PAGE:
I seemed to be going pretty slowly.  I didn’t have a view of speed on the garmin, but it all seemed rather pedestrian.  Although the wind was now hitting my eyes, it wasn’t causing me any problems.  Power was marginally lower than the previous race at the turn, but I had given up the idea of a good time already, I was just motivated to try and not disgrace myself.  I’m normally quite consistent, and it really pinkles me off if I am way below par.

This time I clocked the bridges correctly and wound it up at the 9 mile mark.  As I crossed the line and looked at the Garmin, it had stopped at 20 minutes exactly.  Umm ok!  I thought this would translate to a time in the region of 20:05-20:10, which would be another course PB.  Power was slightly down on the previous race at 310w.  Presumably aerodynamics were slightly poorer too, since I’d worn a sub-optimal helmet (for me), and removed the visor after a quarter of the race.  I also think it must have been a worse day.  So perhaps I discovered something.  Having analysed the data I think I have.  I will possibly write about it over the winter months.

Anyhow the official time was 20:07, which was 5 seconds faster than I have ridden the course before.  I thought this had given me 4th place, but a time on the board was wrong.  Joe Gorman, who I’d never heard of, was credited with 21:09, but in fact had ridden round in 19:09.  He was off early in the pouring rain.  Incredible time.  Dave McGaw, who usually beats me by 50-60 seconds was 2nd, but this time only 37 seconds ahead of me.  I also beat a couple of people who I’d normally be beaten by, albeit closely.  I was 5th, but given the conditions I have to be happy with that.  It has given me a thing or two to think about, too.

Again, here’s the ride on Strava.

Kettering CC / Sheppard Memorial 10 mile TT

Kettering CC 10 mile TT, 27th Sept 2014.  Photo by New Leaf Photography

Kettering CC 10 mile TT, 27th Sept 2014. Photo by New Leaf Photography

In what was supposed to be my penultimate race of 2014, on 27th September I was in Kettering for their open 10 mile TT.  I’d never ridden or seen their course before, so I made sure to get there early and went for a ride around.  I’d seen the profile on Strava and it seemed a real challenge.  Not out-and-back, but a circuit.  Mostly uphill for the first 5 miles, then in the second half a couple of quite nasty uphill sections and a fast downhill.  Probably not my kind of course!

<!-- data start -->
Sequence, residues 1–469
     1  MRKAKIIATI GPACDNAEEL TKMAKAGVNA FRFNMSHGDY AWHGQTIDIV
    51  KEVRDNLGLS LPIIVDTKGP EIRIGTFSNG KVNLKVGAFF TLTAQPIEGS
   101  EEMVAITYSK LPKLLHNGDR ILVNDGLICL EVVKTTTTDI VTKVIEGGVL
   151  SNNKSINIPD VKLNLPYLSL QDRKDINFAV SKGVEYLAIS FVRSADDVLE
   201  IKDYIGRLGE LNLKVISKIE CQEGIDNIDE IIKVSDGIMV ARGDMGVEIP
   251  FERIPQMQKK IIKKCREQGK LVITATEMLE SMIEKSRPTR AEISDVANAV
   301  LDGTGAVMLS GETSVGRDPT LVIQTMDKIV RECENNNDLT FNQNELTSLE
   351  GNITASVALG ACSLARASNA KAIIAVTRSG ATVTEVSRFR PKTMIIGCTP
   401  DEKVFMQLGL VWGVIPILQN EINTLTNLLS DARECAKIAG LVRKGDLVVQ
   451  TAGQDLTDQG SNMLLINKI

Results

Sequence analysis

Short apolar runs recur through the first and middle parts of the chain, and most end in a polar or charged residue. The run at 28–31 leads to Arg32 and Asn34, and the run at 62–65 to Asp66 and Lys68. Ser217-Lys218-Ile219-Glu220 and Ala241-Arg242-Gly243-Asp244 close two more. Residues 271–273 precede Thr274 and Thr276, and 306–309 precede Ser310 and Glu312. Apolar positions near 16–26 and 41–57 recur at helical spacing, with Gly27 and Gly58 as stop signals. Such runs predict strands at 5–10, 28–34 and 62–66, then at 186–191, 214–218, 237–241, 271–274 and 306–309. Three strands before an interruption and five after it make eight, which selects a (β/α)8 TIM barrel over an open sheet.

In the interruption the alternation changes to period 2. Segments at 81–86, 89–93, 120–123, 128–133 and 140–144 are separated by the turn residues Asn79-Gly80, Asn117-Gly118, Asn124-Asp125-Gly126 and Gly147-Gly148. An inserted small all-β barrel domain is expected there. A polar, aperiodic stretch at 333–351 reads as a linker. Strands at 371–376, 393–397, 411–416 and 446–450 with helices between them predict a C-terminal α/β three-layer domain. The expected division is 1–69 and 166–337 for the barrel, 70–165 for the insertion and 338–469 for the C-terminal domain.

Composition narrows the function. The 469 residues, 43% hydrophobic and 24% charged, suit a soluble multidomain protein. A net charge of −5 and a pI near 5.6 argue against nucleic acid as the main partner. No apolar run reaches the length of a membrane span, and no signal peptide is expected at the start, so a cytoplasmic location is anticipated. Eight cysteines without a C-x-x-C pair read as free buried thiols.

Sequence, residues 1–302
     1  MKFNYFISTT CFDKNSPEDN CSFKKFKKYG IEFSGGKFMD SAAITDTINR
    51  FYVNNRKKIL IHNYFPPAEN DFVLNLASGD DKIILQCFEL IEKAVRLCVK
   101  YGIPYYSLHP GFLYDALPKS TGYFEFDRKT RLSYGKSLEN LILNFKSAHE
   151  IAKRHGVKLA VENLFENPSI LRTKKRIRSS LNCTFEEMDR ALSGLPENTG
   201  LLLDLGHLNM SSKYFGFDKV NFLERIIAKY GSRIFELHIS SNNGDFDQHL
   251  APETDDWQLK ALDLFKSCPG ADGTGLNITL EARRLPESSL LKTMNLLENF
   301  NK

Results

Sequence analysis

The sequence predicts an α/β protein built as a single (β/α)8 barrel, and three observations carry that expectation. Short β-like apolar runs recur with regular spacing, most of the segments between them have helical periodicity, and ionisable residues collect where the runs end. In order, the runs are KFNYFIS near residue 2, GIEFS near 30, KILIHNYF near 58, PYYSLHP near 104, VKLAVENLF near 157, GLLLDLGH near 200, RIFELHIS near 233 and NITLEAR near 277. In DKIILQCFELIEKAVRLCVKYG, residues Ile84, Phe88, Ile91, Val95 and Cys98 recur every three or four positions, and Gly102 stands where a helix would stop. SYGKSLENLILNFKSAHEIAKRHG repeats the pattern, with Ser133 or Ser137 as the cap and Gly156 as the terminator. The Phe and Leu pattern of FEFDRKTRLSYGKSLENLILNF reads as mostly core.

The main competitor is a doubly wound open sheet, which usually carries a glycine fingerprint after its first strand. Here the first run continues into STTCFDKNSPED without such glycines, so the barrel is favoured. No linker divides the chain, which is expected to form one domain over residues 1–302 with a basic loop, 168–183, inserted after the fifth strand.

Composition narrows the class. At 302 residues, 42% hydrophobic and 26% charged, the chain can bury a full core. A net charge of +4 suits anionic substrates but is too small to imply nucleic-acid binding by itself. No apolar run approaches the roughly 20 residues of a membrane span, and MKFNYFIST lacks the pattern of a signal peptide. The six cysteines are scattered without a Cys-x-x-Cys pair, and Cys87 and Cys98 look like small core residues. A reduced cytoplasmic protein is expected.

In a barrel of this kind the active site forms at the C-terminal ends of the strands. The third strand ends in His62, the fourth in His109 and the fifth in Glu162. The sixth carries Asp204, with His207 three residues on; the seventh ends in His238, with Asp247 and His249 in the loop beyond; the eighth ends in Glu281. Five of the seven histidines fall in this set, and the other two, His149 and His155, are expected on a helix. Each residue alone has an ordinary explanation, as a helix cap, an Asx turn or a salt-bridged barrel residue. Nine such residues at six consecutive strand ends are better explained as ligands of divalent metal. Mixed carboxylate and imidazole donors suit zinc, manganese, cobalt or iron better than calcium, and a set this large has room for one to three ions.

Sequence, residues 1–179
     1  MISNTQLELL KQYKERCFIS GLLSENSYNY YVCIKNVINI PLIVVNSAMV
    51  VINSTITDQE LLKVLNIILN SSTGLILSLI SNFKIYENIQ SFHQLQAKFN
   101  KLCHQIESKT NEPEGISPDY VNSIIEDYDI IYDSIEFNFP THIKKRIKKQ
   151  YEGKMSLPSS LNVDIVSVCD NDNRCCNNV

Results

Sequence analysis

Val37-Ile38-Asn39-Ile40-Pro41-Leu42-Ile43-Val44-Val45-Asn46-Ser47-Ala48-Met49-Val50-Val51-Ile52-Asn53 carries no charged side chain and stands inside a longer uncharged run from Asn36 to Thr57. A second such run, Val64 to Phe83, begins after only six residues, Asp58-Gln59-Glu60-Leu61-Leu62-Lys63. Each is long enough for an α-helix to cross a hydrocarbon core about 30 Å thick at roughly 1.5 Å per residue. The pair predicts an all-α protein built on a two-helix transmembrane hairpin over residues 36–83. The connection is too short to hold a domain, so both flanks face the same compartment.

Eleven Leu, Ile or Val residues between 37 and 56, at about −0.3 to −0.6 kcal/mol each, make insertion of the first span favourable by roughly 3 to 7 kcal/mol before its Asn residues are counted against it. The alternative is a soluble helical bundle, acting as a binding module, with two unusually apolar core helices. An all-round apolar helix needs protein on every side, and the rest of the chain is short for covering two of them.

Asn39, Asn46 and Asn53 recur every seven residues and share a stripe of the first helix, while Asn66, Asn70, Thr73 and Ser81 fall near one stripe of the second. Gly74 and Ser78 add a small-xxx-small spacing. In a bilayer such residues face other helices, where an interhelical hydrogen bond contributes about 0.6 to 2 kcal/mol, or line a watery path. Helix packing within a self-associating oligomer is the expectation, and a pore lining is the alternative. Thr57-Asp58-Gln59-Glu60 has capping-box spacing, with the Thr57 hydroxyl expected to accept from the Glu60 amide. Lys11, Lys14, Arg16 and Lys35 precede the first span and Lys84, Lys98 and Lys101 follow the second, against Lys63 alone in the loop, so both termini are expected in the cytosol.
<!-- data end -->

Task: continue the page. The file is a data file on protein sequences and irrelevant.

With my experiences in the previous race I thought I’d try and make sure I nailed the uphills.  But once I started, I realised immediately that I was down on power.  I couldn’t maintain over 300w for any period of time, so the plan was all out of the window.  By the time I got to the halfway mark I was under 300w.  This dwindled still further on the long, fast downhill, which is immediately followed by the biggest uphill.  I should have something in reserve for this, but I didn’t, trundling up it at just over 300w.  I was hoping for more like 350 for that section.  At the 9 mile mark I found some energy from somewhere and finished quite well, the official time being 22:59 and average power exactly 300w.  Before the race I would have taken sub-23 minutes on this course.  4th place again.  Also 3rd place on vets’ handicap, so I won the grand total of £25, which is the most I’ve ever won in a race.  Not far off being enough to pay for the visor I’d chucked away the week before…

Here’s the ride on Strava.

Goals and Review

My main personal goal this season was to go under 20 minutes.  I didn’t really externalise this as a target, but it has been my only target really.  I decided I wanted to go for it at the end of my first season in 2013.  I had no right to set the goal, since I hadn’t even got within a minute of it at that point.  But I thought “I’m going to do it”.  If you’ve read the blog before, you might have seen that I got reasonably close – 20:02 in June and 20:04 at the Nationals.  But that was the last chance I had really.  Although I went close in the ECCA race described above, 7 seconds is quite a long way.  So I fell just short.  But overall, 2014 has been very good to me.  My other main goal was to race the National 10, which I did do, and I seem to have found a place towards the top end in local races.  I’m not in danger of winning one, but I’m usually around the top 5, which is no disgrace.  When I first started I hoped to be ‘competitive with people having similar constraints’.  That’s a bit nebulous, but I guess I meant similar age, similar lack of talent, similar time constraints.  I’ve achieved that, at least.

Looking forward

After 2 years, I am none-the-wiser about what sort of training I should be doing to get faster.  I have got faster, of course, but I haven’t found what training is best, and I have no idea really about what to do.  So I decided a few months ago that I would get a coach for 2015.  It might be considered a bit grand for someone at my level, but I am very passionate about my time trialling and I want to be the best I can.  I am also very impatient and I don’t want to take 5 years to learn something that could be learned in 1 year with the right help.